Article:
What does God sound like? (Part 3- Tradition)


God was on my lips and in my heart. I had just received communion, and as I made my way back to the pew, the choir began singing, "And I don’t see my brokenness anymore, when I’m seated at the table of the Lord…” (Leeland). Tears started flowing down my cheeks while I prayed for that healing, for peace, and for wisdom. I'm not sure what it was that brought me to tears- whether it be the beautiful song that expressed what I needed to hear at that very moment, Jesus in the Eucharist who I consumed just minutes before, or the prayerful community that surrounded me while I sobbed. Maybe it was a mixture of all three.

I've never been so moved at mass like I had been that day. I still remember the time when going to church was like going to the dentist- you went because you had to. I never understood the varied positions we were expected to follow, the prayers we were expected to have memorized, or the "production" that we were expected to watch at the altar. It was all a mystery to me, one that I had no desire to solve.

God, however, often chooses to speak to us through traditional means like the Holy Mass, the Sacraments, the common prayers recited in the rosary, and other practices that have been given to us by our Catholic predecessors through apostolic succession. The Apostles were the closest friends and most devoted followers of Jesus. They walked with Him. They ate with Him. They laughed with Him, cried with Him, and suffered with Him. It is through these Apostles that we were passed down the teachings, practices, prayers and life of Christ.

Once I took the time to reflect on this truth, I realized that the reason why I was apathetic to all of these traditions was because I did not recognize their significance or meaning. The mass is a celebration of God's Love for all of us; the Sacraments give us the grace to be made new in Baptism, forgiven in Reconciliation, nourished in Communion, strengthened in Confirmation, united in Matrimony, ordained in Holy Orders, and healed in the Anointing of the Sick; the traditional prayers allow Catholics all over the world to unite together expressing the same desire to worship, thank, adore, petition, and love God; and all the other practices are just different ways of helping us draw nearer to Him.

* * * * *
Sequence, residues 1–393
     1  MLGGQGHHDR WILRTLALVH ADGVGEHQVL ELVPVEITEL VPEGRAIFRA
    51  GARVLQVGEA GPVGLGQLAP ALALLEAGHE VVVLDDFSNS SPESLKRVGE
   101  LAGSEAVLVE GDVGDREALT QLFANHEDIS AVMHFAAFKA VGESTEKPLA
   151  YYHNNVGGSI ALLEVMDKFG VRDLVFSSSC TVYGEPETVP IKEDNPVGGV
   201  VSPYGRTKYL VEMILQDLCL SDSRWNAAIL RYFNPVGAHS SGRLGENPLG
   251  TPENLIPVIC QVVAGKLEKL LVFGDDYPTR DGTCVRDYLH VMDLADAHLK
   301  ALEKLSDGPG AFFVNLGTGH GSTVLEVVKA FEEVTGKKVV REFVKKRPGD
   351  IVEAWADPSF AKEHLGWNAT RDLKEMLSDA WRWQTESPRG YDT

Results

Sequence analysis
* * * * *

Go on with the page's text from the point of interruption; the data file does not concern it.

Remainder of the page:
During Lent in 2009, I "gave up" my mornings and decided that I would go to daily mass. To say it was a struggle would not give my experience justice. I had to fight every temptation to prevent myself from hitting the snooze button at 6am and rolling back into my warm covers. There were days when I would rush in only to have missed half of the mass and coming during the Liturgy of the Eucharist. Once I got accustomed to waking up early and participating in the daily mass, I became more fond of it. I craved the peace it gave me after every mass. The readings helped me uncover how God worked in the lives of the people in the Old Testament and in the New Testament. The homily spoke to me directly as the priest explained the meaning of the readings and expanded on how it relates to us now. The Our Father reminded me that I was never alone and that the people beside me were on the same journey. I looked forward to consuming Jesus in the Eucharist as I sensed His closeness and great love for me, and the final blessing encouraged me to go out and share the love and mercy of God that was shown to me during the mass and throughout my whole life.

Every prayer said, every song that is sung, every Scripture passage that is read, every homily that is spoken, and every movement in the mass offer each one us an opportunity to encounter God.

When you go to mass or participate in any tradition of the Catholic faith, ask yourself, "God, what are you trying to tell me through this? How can I more actively participate in this mass? What is the meaning behind this tradition and how does this relate to my life now?"

May you hear His voice in the Liturgy, and may you be at peace knowing that He is near!

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